March 21, 2003
EPA announced the release of the latest Toxics Release Inventory - Made Easy (TRI-ME RY2002) software, a tool to help facilities in determining and completing their Emergency Planning and Community Right-to-Know Act (EPCRA) section 313 (TRI) obligations.

TRI-ME is an interactive, intelligent, user-friendly software tool that guides facilities through the TRI reporting experience. By leading prospective reporters through a series of logically ordered questions, TRI-ME streamlines the user's analysis needed to determine if a facility must complete a Form R report or Form A certification statement for a particular chemical. For those facilities required to report, the software provides the user with guidance for each data element on the reporting forms. Additionally, this software has a one-stop guidance feature, the TRI Assistance Library that allows users to do keyword searches on the statutes, regulations, and many EPCRA section 313 guidance documents. For the more experienced reporter, TRI-ME allows for direct data entry onto electronic versions of the Form R and Form A certification statement. TRI-ME will check the data for common errors and then prepare the forms, on paper, or magnetic media format, or electronically over the Internet via the EPA's Central Data Exchange (CDX) for submission to EPA.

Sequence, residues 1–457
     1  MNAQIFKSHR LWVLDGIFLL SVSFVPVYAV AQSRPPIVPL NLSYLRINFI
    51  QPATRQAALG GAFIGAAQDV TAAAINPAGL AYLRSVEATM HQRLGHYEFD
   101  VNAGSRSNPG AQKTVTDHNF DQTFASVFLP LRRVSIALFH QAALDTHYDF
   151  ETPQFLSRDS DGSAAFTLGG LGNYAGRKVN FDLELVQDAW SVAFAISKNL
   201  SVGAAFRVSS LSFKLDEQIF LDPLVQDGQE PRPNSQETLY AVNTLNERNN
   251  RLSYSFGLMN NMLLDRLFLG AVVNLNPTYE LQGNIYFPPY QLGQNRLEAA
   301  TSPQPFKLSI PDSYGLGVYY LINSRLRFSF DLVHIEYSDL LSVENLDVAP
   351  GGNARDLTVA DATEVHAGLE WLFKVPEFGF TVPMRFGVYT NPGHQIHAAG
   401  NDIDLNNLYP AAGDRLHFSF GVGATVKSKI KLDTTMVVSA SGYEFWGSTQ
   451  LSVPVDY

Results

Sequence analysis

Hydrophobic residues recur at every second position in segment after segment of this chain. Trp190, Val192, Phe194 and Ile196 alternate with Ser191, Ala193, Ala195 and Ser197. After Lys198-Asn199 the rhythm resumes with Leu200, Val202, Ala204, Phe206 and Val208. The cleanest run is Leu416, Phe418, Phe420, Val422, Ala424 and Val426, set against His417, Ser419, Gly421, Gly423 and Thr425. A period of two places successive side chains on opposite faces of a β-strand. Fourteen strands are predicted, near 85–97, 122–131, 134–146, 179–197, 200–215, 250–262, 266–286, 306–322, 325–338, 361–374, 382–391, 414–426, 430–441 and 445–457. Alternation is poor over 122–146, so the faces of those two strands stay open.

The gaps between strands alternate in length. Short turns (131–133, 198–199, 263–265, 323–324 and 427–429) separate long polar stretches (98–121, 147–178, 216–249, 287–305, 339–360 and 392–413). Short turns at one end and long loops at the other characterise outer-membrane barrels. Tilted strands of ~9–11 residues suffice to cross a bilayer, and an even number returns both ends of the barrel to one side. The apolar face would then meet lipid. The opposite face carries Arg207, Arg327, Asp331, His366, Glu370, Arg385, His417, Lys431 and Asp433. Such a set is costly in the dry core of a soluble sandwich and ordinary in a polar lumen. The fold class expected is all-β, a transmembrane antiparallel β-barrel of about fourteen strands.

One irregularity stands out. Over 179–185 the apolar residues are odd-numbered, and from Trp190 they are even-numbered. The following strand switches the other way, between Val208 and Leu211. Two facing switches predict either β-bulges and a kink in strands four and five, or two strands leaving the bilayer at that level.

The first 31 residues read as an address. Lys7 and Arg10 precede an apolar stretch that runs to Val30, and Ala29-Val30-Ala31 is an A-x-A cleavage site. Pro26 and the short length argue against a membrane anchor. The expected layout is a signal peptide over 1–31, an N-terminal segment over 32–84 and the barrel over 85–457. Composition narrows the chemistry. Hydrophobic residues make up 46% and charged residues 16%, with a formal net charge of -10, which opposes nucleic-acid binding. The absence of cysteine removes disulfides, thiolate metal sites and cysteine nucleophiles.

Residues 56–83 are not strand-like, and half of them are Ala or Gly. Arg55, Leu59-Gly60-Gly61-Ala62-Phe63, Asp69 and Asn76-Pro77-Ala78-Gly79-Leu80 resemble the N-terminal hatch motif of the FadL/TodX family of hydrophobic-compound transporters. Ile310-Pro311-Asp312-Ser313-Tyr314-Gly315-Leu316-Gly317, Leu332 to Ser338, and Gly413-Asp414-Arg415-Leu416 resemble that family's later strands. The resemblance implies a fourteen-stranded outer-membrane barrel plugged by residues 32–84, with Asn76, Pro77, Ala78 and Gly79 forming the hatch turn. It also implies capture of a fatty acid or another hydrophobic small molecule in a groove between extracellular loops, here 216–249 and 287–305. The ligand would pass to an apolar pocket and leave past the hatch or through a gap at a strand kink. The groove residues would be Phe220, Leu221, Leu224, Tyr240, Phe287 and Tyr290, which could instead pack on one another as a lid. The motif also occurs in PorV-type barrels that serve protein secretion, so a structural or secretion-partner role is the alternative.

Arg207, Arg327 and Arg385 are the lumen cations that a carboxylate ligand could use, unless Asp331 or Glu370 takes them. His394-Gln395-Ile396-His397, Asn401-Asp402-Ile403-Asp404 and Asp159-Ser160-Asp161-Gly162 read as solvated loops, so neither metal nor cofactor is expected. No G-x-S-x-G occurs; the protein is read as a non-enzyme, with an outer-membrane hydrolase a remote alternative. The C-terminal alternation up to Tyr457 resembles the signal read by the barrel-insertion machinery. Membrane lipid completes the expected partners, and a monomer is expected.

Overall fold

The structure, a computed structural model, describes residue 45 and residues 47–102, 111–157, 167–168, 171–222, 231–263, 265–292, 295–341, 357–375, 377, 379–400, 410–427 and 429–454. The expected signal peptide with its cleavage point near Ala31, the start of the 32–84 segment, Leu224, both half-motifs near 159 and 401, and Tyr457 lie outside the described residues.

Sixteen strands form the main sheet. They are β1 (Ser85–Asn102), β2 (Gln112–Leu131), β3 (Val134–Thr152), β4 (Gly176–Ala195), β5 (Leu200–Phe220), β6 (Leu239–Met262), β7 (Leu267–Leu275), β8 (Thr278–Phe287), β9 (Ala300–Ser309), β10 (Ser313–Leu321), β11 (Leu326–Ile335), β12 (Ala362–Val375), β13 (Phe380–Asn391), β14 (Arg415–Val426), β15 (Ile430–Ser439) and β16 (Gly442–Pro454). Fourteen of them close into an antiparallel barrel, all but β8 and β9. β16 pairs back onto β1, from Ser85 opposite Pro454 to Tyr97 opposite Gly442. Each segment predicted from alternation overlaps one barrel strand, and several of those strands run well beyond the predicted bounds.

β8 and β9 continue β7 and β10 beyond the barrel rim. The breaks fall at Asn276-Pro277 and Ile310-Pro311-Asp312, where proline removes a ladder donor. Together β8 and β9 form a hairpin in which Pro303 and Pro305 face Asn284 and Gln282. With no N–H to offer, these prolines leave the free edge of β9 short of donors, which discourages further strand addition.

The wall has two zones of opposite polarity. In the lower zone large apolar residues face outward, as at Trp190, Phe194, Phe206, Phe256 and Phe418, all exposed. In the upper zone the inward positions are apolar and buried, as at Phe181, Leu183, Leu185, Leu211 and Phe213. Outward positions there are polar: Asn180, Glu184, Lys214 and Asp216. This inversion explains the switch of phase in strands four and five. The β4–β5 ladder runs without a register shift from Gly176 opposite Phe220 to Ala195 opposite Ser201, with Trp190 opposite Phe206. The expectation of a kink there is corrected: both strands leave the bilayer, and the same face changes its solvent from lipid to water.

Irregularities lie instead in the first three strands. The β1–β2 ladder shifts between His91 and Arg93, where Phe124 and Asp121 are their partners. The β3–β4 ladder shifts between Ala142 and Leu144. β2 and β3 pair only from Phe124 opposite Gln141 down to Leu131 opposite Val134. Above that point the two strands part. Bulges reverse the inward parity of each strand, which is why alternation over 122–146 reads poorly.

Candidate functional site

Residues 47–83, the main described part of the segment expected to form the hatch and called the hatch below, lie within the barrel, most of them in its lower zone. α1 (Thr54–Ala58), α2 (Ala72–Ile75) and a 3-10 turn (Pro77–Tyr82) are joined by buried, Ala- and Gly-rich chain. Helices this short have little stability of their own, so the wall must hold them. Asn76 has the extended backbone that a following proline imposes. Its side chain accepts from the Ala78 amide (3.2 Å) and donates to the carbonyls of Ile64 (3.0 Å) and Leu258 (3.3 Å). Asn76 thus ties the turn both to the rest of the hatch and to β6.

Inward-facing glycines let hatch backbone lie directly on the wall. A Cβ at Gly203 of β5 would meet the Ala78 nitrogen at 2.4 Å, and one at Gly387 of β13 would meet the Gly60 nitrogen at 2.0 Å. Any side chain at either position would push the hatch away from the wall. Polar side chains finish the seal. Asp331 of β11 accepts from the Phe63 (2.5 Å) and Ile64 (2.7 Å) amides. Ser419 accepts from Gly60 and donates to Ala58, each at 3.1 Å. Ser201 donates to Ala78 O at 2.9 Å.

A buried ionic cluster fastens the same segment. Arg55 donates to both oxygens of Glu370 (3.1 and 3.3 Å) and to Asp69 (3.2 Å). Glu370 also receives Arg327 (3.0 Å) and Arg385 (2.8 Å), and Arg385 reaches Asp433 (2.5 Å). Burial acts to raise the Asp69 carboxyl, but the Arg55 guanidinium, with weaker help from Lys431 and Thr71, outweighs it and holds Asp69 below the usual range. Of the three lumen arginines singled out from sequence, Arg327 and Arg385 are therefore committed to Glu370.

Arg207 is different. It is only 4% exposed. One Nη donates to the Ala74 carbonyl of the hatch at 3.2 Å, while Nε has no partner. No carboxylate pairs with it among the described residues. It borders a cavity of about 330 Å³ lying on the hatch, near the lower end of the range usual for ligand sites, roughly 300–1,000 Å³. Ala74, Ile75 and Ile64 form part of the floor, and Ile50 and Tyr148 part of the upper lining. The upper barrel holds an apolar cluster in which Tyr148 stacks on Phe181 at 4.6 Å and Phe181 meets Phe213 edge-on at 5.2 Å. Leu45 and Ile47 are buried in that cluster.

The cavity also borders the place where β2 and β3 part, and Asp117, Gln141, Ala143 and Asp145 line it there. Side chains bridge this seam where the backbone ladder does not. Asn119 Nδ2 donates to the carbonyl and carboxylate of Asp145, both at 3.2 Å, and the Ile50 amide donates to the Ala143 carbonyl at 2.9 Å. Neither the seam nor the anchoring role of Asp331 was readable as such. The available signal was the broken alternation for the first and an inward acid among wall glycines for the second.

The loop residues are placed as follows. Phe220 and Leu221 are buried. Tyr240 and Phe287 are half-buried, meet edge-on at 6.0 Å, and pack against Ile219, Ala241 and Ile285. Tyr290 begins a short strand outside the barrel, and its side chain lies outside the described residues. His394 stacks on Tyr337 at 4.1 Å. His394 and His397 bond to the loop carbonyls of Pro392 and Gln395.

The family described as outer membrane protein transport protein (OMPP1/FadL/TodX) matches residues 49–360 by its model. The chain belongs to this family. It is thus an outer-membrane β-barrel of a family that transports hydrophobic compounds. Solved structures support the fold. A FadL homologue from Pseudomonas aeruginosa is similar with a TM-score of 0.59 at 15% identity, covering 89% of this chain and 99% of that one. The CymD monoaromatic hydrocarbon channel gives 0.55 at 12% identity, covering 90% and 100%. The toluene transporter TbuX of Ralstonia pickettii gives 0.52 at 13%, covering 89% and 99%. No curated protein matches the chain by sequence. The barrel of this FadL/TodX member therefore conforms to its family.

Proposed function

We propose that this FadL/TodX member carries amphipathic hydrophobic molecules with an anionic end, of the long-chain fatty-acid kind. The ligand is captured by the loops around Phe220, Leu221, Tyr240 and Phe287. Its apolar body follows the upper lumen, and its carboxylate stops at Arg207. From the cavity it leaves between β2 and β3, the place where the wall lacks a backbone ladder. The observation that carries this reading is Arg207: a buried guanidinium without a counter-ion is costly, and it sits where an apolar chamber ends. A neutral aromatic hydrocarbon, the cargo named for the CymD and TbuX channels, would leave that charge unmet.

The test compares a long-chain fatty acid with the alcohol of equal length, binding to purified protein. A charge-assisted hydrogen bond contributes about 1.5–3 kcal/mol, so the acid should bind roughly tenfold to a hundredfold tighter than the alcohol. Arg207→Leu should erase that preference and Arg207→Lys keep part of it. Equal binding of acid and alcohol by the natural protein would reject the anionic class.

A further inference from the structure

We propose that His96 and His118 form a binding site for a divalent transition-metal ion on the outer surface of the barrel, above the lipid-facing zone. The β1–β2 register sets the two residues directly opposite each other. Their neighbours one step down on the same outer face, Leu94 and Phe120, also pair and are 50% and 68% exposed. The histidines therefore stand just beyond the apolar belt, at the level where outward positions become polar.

For reporting year 2000, TRI-ME was distributed as a pilot release to a limited number of facilities.